My dad was speaking to me the other day about Muhammad Ali of all things. In a visit to Louisville, my dad had been impressed with the Ali museum and was encouraging me to visit it upon my next trip to Louisville.
I won’t though, partially because I don’t visit Louisville aside from that one time I did, but even more so because I care little for Muhammad Ali. Yes, sir, you keep on floating like a butterfly and stinging like a bee over there and I’ll be over here watching TV, I imagine myself saying upon making Ali’s acquaintance at the pinnacle of his existence. It just isn’t for me.
But I do like one mythical anecdote that features the famous boxer and his infamous ego. He was flying some such place that Mother Nature apparently didn’t desire him, or the other passengers, to go. The plane rocked about the clouds, pelted by rain and colored with blazes of lightning. It would have been beautiful from a distance of course, but there in the middle of it, panic ensued. This hubbub of distress was worsened, as is always the case, by the captain’s soothing tones, “We are experiencing moderate turbulence. We ask that all passengers fasten their seatbelts immediately.”
Yep, it just got real. If you have ever been in a jouncing plane, you know what I mean. When the captain wakes from his presumed slumber to voice concern–even if voiced as calmly as possible–well, you better begin writing your will and confessing your sins.
On this flight, that was the feeling as passengers began to weep and pray and, certainly, buckled their safety belts: for a last hopeful reassurance if nothing else.
Well, Ali was on that flight unmoved. He sat unflinching until a flight attendant–surely a “stewardess” in that day and age–approached him and reminded him to put on his safety belt.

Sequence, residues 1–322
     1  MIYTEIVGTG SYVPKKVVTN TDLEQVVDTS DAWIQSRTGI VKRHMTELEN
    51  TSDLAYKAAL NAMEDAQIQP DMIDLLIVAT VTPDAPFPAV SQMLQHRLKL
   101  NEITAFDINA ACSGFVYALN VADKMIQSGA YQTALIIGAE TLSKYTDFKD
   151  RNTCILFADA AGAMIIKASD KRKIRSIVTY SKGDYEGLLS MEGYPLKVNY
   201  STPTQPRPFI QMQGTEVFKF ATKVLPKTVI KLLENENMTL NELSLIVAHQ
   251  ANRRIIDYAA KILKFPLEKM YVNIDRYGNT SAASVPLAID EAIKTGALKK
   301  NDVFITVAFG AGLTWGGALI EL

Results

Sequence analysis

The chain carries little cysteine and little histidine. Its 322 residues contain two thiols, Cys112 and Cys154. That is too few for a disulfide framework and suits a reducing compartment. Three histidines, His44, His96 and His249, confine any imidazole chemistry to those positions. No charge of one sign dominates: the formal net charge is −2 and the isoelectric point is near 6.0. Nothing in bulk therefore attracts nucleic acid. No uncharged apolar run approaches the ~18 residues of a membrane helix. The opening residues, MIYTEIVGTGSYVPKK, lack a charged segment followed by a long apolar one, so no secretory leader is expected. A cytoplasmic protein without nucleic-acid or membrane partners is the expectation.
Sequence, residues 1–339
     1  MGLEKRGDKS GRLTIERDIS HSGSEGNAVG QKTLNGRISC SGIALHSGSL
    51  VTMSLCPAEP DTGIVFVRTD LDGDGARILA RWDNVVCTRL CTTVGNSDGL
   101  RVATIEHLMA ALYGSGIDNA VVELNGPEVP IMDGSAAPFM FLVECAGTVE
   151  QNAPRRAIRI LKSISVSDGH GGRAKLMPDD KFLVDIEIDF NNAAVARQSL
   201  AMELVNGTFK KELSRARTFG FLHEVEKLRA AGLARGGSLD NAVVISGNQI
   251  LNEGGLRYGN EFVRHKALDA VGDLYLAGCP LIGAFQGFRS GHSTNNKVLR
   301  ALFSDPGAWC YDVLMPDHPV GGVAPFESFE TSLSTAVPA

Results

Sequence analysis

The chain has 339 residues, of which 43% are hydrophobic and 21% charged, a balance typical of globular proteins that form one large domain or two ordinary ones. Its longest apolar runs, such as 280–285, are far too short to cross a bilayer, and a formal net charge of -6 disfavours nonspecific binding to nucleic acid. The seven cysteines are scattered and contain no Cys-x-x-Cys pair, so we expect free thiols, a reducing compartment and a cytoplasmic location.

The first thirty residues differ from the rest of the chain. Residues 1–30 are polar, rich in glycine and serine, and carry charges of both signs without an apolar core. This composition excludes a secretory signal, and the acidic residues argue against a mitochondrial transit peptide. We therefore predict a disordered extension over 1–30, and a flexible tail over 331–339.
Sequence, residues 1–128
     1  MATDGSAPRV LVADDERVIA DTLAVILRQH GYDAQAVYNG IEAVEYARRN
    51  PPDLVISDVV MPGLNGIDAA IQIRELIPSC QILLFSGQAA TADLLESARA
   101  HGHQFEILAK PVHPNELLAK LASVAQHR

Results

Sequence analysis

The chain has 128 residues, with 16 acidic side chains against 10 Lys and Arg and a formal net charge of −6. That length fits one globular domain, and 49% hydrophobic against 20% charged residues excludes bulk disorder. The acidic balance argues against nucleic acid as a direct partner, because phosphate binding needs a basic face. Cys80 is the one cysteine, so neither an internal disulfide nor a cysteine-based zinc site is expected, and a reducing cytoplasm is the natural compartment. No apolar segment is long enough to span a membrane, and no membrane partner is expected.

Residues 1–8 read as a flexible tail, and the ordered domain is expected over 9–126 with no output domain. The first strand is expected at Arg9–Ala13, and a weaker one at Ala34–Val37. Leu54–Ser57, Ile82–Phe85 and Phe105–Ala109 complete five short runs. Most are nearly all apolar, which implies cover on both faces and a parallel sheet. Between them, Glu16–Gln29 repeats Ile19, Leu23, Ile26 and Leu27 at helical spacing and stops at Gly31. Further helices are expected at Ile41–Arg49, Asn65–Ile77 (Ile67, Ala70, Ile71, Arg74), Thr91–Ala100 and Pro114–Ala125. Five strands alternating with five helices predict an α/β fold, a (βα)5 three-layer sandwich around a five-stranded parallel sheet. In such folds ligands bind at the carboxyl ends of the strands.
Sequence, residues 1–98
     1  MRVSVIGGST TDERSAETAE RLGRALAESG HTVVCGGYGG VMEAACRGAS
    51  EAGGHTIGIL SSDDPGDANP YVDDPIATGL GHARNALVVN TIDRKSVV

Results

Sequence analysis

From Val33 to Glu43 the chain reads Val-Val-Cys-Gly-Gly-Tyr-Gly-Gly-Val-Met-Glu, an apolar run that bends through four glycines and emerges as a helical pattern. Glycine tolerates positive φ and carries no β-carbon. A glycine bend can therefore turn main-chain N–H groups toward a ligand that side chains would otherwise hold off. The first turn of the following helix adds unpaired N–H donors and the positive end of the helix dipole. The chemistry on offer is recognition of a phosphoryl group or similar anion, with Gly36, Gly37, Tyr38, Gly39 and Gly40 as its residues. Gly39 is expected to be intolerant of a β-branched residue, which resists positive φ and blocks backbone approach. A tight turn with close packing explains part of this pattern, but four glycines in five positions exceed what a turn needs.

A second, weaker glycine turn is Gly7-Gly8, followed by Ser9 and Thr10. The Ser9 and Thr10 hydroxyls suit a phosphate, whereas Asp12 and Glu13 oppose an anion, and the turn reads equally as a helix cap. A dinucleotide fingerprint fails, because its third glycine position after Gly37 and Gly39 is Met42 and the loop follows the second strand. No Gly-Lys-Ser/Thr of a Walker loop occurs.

His response: “Superman don’t need no seatbelt.”
The flight attendant reportedly answered: “Superman don’t need no plane either.”
No, I won’t go to the museum there in Louisville because such a thing doesn’t interest me. But what I will do is look at the world about me and wonder if we haven’t become “Superman,” at least in our own mind. Perhaps we have taken all the calamity about us–the pelting rain and blazing lightning–and shrugged in spite of it all, telling ourselves that we will rise above it or defeat it or make it out alive. We will float on and sting on and live on.
Except that we won’t.
It just may be the time to buckle up and begin to realize our own fallibility. Our politics, our deeds, our tepid, man-centered religion, our philosophies cannot save us. Nothing in and of ourselves can, yet we strive on ignoring the doom piling up all around us.
I cannot figure out this world enough to solve its ills. But I do know myself well enough to know the answer does not lie there. I don’t have a puncher’s chance in this fight. Really, none of us does, save one. And it isn’t Superman. Or Muhammad Ali. Or whatever pilot we’ve elected or followed or re-tweeted.
For now, I’m gonna heed the captain’s orders. I’m gonna sit, buckled and praying, knowing full well what my hope is built upon.